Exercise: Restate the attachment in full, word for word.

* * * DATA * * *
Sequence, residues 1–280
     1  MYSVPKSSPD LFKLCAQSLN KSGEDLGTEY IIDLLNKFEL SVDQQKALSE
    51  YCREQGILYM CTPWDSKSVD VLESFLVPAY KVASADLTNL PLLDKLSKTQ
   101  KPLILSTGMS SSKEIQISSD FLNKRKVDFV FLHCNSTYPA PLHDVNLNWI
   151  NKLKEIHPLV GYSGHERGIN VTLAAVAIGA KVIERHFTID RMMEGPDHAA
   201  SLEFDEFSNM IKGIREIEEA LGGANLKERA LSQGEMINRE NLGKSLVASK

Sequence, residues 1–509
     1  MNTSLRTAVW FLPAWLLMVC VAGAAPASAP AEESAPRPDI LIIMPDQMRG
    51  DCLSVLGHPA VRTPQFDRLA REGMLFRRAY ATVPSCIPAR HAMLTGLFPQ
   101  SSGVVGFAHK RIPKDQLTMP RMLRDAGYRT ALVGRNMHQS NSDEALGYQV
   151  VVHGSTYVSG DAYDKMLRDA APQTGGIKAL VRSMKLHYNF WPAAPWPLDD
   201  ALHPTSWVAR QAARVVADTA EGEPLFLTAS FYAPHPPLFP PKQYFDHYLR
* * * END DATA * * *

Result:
Sequence, residues 1–280
     1  MYSVPKSSPD LFKLCAQSLN KSGEDLGTEY IIDLLNKFEL SVDQQKALSE
    51  YCREQGILYM CTPWDSKSVD VLESFLVPAY KVASADLTNL PLLDKLSKTQ
   101  KPLILSTGMS SSKEIQISSD FLNKRKVDFV FLHCNSTYPA PLHDVNLNWI
   151  NKLKEIHPLV GYSGHERGIN VTLAAVAIGA KVIERHFTID RMMEGPDHAA
   201  SLEFDEFSNM IKGIREIEEA LGGANLKERA LSQGEMINRE NLGKSLVASK

Sequence, residues 1–509
     1  MNTSLRTAVW FLPAWLLMVC VAGAAPASAP AEESAPRPDI LIIMPDQMRG
    51  DCLSVLGHPA VRTPQFDRLA REGMLFRRAY ATVPSCIPAR HAMLTGLFPQ
   101  SSGVVGFAHK RIPKDQLTMP RMLRDAGYRT ALVGRNMHQS NSDEALGYQV
   151  VVHGSTYVSG DAYDKMLRDA APQTGGIKAL VRSMKLHYNF WPAAPWPLDD
   201  ALHPTSWVAR QAARVVADTA EGEPLFLTAS FYAPHPPLFP PKQYFDHYLR